Commissioner Calls for Study of LAPD Shootings : Law enforcement: Request follows report that officers were cited for mistakes in three-fourths of cases since 1989. But commission members generally support department.


Facing criticism over the frequency of mistakes in officer-involved shootings, Los Angeles Police Commission officials generally defended the department’s record Monday but ordered an immediate review of records to determine whether a problem exists.

“What kind of training has been recommended (after shootings)? What kind of repeated problems are we seeing?” asked Police Commissioner Gary Greenebaum. “Those are the kinds of things I want to find out.”

Toward that end, Greenebaum asked Police Commission staff members to begin a computer review of statistical patterns in Los Angeles Police Department shooting records, addressing issues that were raised in an article Sunday in The Times.

Internal LAPD records showed officers were cited for potentially life-threatening mistakes in three of every four shootings since 1989, with training ordered after more than half the 694 shootings and formal discipline ordered in another quarter.


One officer, for instance, had to undergo training after firing at a fleeing burglar from nearly a football field away on a Downtown street. An undercover detective, unable to unfasten his seat belt, was cited for shooting out his windshield to try to stop a suspect.

An off-duty officer accidentally shot a friend through the thigh in trying to give her a bullet from his .38-caliber pistol as a goodby memento. And another officer shot a colleague in the back as they converged on a suspect in the dark without turning on their flashlights.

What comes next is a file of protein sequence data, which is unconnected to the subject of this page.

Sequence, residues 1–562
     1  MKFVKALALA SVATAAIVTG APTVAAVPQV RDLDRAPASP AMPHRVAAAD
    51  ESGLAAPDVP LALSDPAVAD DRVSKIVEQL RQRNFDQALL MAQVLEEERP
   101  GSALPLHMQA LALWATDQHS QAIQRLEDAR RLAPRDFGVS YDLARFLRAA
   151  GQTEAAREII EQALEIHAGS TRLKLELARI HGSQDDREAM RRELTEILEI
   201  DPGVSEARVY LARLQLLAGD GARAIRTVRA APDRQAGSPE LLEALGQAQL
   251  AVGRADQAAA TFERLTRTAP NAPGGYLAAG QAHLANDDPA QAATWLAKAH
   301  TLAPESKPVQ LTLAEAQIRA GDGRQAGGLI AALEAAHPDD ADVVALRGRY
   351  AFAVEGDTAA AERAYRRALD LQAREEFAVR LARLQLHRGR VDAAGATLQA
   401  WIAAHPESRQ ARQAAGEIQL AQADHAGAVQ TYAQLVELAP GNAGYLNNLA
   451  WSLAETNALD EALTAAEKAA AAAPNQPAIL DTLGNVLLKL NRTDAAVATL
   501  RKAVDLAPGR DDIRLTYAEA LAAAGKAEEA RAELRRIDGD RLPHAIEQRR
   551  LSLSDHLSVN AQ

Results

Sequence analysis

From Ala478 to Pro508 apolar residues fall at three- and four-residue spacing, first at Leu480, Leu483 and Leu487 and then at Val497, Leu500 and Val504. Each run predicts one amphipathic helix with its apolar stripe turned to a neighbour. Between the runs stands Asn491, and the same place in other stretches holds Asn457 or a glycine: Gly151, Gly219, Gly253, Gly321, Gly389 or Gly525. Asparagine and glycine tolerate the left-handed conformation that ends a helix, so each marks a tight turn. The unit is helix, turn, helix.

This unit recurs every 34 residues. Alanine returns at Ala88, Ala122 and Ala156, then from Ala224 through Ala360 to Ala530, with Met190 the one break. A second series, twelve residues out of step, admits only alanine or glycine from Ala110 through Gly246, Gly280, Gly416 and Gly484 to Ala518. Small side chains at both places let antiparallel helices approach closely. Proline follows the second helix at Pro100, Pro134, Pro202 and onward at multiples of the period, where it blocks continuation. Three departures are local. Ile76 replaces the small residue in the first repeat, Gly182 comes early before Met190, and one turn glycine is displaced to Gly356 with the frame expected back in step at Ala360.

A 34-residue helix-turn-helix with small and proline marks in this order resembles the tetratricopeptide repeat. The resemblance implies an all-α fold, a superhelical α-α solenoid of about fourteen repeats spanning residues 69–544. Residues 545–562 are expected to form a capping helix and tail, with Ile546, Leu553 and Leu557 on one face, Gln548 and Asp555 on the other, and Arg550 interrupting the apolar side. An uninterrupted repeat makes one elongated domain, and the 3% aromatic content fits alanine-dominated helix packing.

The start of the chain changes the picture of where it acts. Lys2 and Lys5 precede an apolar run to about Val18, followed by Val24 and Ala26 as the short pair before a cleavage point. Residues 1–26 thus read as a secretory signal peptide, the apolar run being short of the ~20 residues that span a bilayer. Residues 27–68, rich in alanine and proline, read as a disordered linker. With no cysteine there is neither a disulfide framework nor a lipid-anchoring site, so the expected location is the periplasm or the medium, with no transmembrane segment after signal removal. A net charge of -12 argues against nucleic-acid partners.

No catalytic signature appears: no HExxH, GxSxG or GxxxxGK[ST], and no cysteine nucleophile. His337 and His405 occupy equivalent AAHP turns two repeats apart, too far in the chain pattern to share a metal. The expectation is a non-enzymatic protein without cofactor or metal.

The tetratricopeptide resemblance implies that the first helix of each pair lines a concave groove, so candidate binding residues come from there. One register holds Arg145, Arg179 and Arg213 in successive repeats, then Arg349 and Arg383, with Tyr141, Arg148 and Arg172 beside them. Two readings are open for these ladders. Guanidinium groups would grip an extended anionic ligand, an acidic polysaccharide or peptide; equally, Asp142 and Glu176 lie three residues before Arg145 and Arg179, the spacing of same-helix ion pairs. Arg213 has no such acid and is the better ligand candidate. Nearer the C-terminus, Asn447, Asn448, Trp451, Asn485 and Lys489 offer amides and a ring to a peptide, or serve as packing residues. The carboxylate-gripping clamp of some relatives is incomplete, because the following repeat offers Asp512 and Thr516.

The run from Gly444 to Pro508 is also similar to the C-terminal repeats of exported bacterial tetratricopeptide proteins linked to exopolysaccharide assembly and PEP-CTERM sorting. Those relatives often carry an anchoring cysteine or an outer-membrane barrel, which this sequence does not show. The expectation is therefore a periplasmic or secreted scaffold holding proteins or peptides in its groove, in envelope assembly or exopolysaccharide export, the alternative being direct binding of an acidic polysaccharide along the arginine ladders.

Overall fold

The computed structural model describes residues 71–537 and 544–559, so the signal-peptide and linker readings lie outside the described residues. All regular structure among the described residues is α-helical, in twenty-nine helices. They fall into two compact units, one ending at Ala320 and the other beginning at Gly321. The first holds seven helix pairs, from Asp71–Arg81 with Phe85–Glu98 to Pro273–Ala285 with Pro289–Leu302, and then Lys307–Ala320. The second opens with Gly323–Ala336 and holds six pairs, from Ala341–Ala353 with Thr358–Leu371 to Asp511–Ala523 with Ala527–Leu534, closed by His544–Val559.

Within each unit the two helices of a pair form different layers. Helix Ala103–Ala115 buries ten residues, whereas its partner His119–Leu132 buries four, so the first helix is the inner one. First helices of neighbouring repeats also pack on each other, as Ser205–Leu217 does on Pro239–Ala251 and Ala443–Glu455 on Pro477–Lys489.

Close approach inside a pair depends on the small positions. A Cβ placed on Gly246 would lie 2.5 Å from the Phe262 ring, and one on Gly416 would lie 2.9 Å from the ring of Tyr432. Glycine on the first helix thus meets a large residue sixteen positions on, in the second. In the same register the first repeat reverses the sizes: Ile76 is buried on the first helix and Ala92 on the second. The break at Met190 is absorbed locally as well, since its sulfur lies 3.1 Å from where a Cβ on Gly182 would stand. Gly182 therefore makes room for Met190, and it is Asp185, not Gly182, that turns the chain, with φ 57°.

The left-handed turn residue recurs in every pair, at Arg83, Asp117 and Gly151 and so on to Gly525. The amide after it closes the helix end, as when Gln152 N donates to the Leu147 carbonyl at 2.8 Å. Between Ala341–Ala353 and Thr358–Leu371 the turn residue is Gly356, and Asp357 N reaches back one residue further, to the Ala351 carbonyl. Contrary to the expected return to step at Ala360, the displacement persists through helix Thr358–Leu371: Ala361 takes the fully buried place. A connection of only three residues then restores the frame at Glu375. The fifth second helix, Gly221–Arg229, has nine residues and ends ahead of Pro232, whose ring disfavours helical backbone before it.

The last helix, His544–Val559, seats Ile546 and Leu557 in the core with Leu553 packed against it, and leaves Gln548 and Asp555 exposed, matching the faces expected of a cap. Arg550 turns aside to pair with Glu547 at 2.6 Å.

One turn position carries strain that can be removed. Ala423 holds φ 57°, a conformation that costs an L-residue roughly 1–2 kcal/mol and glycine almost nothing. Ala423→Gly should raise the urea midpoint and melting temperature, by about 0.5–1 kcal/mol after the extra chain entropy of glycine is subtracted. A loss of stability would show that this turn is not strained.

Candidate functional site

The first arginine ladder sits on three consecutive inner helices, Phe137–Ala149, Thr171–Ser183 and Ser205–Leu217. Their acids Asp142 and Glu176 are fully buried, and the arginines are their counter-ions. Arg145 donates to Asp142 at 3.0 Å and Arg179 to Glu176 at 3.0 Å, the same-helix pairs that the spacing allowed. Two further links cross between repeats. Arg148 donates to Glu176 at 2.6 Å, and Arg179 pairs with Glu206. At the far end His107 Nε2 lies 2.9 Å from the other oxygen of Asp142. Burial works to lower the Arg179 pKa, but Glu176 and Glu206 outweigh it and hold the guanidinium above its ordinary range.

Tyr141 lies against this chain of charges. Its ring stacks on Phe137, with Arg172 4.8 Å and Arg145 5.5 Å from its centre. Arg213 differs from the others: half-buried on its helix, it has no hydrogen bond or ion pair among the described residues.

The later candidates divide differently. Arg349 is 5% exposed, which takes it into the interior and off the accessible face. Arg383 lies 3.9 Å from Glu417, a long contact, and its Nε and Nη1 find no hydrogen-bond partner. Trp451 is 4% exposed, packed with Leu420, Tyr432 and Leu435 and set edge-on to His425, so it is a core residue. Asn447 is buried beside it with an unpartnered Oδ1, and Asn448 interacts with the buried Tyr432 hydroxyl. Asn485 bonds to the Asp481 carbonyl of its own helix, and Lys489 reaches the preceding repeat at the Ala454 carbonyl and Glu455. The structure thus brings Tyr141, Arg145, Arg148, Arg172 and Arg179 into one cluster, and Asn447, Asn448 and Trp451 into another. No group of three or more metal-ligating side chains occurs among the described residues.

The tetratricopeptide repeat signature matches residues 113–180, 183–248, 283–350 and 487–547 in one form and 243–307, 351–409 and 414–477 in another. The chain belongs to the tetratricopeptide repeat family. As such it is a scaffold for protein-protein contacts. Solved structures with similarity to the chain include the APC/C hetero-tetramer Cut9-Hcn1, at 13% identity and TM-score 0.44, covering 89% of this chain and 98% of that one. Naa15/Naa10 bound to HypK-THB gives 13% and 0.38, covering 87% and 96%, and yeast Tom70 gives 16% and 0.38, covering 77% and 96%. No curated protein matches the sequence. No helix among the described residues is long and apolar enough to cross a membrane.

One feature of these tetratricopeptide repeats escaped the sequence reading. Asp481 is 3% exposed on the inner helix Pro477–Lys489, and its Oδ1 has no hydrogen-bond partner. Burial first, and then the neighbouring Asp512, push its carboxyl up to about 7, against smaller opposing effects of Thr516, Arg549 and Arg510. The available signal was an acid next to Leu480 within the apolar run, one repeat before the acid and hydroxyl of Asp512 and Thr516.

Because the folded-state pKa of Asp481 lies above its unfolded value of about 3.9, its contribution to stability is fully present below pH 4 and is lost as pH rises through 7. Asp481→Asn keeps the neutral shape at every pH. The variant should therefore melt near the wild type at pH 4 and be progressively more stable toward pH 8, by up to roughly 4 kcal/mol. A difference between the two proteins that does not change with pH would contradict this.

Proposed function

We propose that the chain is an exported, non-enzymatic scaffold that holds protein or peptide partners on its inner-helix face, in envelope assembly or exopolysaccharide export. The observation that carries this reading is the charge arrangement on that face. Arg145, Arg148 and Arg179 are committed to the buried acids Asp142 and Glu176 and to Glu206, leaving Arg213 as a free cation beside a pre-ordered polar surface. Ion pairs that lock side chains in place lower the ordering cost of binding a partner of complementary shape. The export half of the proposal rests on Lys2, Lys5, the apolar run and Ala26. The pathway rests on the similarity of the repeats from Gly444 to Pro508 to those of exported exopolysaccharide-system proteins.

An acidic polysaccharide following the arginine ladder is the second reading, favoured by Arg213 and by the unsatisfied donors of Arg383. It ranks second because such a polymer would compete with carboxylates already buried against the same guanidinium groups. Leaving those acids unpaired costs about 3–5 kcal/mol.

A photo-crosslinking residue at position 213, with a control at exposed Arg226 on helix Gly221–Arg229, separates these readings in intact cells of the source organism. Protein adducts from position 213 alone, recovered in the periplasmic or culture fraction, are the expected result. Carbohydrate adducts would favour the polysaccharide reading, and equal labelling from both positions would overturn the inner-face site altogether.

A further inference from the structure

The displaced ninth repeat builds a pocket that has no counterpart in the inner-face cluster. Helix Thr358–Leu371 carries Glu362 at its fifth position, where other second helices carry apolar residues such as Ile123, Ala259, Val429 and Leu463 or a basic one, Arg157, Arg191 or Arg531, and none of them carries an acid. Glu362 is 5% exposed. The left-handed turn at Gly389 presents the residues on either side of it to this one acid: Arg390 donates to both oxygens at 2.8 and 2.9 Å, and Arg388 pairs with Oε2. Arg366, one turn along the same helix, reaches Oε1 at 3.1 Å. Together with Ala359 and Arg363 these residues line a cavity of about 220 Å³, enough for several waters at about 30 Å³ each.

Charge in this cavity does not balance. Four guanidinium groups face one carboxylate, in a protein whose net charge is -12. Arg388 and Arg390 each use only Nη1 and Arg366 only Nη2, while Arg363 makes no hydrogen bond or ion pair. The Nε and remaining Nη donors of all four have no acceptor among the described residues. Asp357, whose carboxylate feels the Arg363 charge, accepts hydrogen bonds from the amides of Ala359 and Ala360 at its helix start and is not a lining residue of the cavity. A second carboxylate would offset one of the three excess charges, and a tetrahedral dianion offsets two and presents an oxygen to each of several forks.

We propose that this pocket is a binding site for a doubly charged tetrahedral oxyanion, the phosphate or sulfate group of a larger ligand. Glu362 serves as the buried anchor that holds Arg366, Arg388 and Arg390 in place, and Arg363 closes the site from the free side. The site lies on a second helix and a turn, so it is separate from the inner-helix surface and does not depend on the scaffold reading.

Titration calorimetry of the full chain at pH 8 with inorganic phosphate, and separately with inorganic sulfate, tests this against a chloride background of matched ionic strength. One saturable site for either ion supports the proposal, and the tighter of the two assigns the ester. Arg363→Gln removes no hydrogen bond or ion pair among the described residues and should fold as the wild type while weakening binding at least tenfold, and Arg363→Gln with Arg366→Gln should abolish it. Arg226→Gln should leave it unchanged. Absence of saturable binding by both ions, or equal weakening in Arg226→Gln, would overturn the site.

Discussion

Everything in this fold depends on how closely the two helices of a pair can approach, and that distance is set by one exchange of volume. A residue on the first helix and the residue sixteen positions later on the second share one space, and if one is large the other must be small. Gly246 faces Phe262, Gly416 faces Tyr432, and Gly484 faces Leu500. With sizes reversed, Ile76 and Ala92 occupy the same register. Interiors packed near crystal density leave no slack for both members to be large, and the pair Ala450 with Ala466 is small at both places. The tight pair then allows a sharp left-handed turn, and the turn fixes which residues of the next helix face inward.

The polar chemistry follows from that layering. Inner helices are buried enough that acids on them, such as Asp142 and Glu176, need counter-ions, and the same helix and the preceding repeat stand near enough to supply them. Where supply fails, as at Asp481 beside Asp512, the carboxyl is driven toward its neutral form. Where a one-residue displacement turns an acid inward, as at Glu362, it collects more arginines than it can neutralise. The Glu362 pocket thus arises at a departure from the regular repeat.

City Councilman Mark Ridley-Thomas said the findings “generated a lot of interest” among city officials and that he plans to introduce a motion in the Public Safety Committee requesting a formal explanation from the Police Department. “We want to make sure this isn’t just shunted aside,” he said.

But LAPD Cmdr. David J. Gascon, who fielded press calls on the issue Monday, defended the department’s record and said he believed it was misleading to suggest that most officer shootings are problematic.



Out of “perhaps millions or at least hundreds of thousands of contacts” that occur each year between police and the public, only a small fraction lead to armed confrontations and officers should be commended for that, Gascon said.

Police Commission President Enrique Hernandez Jr., head of the five-member civilian body that oversees the department, was on vacation Monday and unavailable for comment. But Commissioner Art Mattox echoed Gascon’s remarks, saying that retraining for an officer should not be interpreted to mean a mistake necessarily was made during a shooting.

Commissioner Greenebaum agreed, saying that the department has acted responsibly in pointing up problem areas among its officers and ordering training.


“The easy thing to do, and what used to happen at the department from everything I know, is that when mistakes were made, you covered it up,” he said. That no longer happens, he said.

Greenebaum added, however, that he is anxious to see the findings of the commission’s review . “If we see the same problems keep happening over and over again with no change in policy, then I’m deeply concerned,” he said.